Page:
While the pandemic has brought untold misery and suffering, causing many to feel physically, psychologically and emotionally exhausted, there are also silver linings coming in so many ways. For Avela, it’s discovering her own artistic style and the subject matter that she is passionate about.
“I consider it a blessing in disguise, at least in my creative pursuits. All artists would always have this fervent desire to find their own artistic style. And to be honest, I have been looking for it for years. And I found it during one of the most hopeless situations,” she reveals.
Her plan for 2020 after all was to travel to Europe with the hope that she could find inspiration and her style in the process. “But COVID-19 happened, and I was forced to put those travel plans on hold. Then I got to see Washington, DC with fresh eyes and I used that to drive my art,” she says.
The pandemic became a silver lining for Avela who saw Washington, DC with fresh eyes, allowing her to discover her own unique style as an artist.
“I was into portrait and figure painting before, but I became interested in DC’s architecture during the lockdown,” she continues. DC’s old and iconic buildings and houses became a source of fascination since they seem to have developed personalities, and the capability to exude vitality and spirit. “I am particularly drawn to structures with a small tower or what they call a turret, which reminds me of medieval castles featured in our high school textbooks,” she avers.
Last June, she set up an Instagram account called @dcsketcher and started posting her ink and watercolor paintings of the DC, Maryland and Virginia (DMV) area, showcasing the iconic buildings and scenes depicting the streets lined with unique architecture, utilizing a technique known as “plein air” painting that goes back for centuries and popularized by French Impressionists such as Claude Monet and Pierre-Auguste Renoir.
It certainly helps that she has a supportive and patient spouse who – whenever Avela needed some fresh air especially during the early months of the strict lockdown imposed in DC – already knows the drill: grabbing Avela’s art bag and laptop so that in minutes, they would be on their way to a park where she could paint plein air.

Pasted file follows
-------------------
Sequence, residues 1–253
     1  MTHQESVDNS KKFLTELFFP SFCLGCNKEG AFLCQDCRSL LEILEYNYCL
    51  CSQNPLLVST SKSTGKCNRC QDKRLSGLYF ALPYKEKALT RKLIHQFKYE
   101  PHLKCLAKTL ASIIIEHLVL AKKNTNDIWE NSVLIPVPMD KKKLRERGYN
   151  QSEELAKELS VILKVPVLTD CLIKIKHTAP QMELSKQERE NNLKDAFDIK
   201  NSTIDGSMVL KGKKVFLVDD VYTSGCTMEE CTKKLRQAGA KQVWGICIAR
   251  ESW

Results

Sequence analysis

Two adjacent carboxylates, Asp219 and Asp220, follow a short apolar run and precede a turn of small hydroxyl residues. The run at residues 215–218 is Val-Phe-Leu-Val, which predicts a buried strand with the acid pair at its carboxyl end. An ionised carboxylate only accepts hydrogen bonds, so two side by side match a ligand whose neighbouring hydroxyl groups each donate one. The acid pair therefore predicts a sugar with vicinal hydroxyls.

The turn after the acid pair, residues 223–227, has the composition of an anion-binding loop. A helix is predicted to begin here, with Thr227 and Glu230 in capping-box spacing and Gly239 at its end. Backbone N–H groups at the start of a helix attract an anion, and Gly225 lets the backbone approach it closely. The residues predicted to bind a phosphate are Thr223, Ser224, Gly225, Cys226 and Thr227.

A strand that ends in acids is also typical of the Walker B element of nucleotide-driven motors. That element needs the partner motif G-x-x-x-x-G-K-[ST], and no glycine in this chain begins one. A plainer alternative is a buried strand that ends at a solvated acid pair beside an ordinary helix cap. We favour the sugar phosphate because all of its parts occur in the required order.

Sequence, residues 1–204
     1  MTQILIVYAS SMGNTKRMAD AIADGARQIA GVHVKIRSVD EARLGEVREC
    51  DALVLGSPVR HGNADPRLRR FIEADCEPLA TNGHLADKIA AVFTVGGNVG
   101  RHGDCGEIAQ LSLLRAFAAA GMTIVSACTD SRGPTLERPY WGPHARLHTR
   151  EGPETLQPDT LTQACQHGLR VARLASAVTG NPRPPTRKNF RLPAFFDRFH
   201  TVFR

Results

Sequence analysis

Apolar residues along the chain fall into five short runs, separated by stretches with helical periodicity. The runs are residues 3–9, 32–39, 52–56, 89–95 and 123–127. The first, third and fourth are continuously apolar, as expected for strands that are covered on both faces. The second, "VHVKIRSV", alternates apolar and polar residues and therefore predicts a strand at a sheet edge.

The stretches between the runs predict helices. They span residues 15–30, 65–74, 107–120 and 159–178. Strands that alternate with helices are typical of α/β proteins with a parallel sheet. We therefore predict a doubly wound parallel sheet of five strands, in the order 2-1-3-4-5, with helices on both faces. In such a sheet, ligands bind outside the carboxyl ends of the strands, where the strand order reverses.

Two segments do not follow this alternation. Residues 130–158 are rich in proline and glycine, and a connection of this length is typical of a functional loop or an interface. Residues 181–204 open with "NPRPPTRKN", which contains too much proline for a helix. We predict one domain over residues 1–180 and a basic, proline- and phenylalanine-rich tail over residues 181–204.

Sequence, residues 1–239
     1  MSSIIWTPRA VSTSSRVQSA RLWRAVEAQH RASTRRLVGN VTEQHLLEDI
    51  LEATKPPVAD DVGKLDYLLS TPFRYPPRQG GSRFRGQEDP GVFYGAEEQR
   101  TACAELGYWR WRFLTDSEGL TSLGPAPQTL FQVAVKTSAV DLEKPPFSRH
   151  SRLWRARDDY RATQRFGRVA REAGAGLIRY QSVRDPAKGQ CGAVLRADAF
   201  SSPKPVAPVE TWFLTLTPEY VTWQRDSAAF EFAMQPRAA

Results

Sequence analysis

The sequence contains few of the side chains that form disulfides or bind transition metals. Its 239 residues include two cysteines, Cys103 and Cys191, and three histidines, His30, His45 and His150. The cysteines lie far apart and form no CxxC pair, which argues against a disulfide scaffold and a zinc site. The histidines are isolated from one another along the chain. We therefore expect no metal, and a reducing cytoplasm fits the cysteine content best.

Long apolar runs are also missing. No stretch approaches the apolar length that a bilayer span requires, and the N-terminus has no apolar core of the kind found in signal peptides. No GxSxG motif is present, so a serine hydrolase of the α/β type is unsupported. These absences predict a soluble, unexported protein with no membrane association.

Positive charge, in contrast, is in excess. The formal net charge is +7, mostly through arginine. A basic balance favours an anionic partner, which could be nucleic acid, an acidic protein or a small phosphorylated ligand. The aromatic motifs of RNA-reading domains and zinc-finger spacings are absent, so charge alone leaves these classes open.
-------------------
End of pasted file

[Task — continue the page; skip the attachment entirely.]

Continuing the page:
One remarkable consequence of Avela’s artistic pursuit is her participation last December 5 in the annual Dupont Circle Holiday Pop-up that co-locates artists in shops around the historic Dupont Circle in Northwest Washington, D.C. As it happened, the owner of a teahouse (which has a turret) saw her painting uploaded on IG and started following her account. When she visited the teahouse and headed to the patio to paint, the owner – who delivered her order – asked if she was the @dcsketcher.
“When I confirmed it, he was so happy and asked me to send him a message to discuss possible collaboration. I was hesitant to reach out due to lack of confidence. A few months after this encounter, someone approached me online and asked if I wanted to join the annual Dupont Circle Holiday Pop-up. I did not immediately commit and said I would think about it. Then Yunhan, the teashop owner, sent me a private message offering his space as a possible exhibit venue,” Avela narrates, finally taking up the offer.
For someone who says she did not have any formal training – having only subscribed to art classes online – Avela’s distinctive plein air paintings soon caught the attention of many. One of them is the Cathedral of St. Matthew the Apostle who reposted Avela’s rendition of the church in its official IG account, describing it as “an evocative watercolor rendering” of the cathedral, thanking @dcsketcher for memorializing the church “so beautifully – much appreciated especially during these times of physical estrangement for many.”
Indeed, behind the petite frame hides an artistic talent whose work resonates and connects with people. “It was good to see people feel connected with the artwork. I saw one giggle when she saw a particular work and told me it’s the view from her apartment, while another one hastily picked up an artwork and said that it was actually his house. So I realized that with this type of subject, people do appreciate it but will only give particular importance to it if they can relate or feel connected to a piece of work,” she elaborates.
“While I think I finally found my unique style, I know there’s a lot to learn and more room for improvement. Having a personal style is just the first step, and honing it can be as frustrating as looking for it. And it is true that in every piece of art I create, even if I know that I failed at it miserably, is a chance to forge and grow my style,” she continues.
There have since been offers for Avela to mount another exhibit before leaving DC in April. This early, she has already been in contact with artists in Asia who she plans to visit, and who have generously offered to bring her to a teahouse where they can paint on location together.
“Friends tell me that I need to change the IG account to @Pasaysketcher, @Malibaysketcher or @Libertadsketcher. Well, that’s the challenge, turning our eskinitas into interesting pieces of art,” she laughs, anticipating the time when she would go back to Manila.
For now however, it’s the streets of DC that she will be transforming into evocative works of art.
About the Writer
Bing Parel is a Senior Vice President for the Editorial Department of WSP Incorporated, a Filipino-owned communications firm. In her past life, she was a travel magazine writer and associate editor for a glossy, and was also involved in the national campaign of a presidential candidate. She describes herself as a domestic diva on weekends and confesses that one of her frustrations is the inability to solve a Rubik’s Cube despite her teenage son’s patient encouragement and tutorial attempts.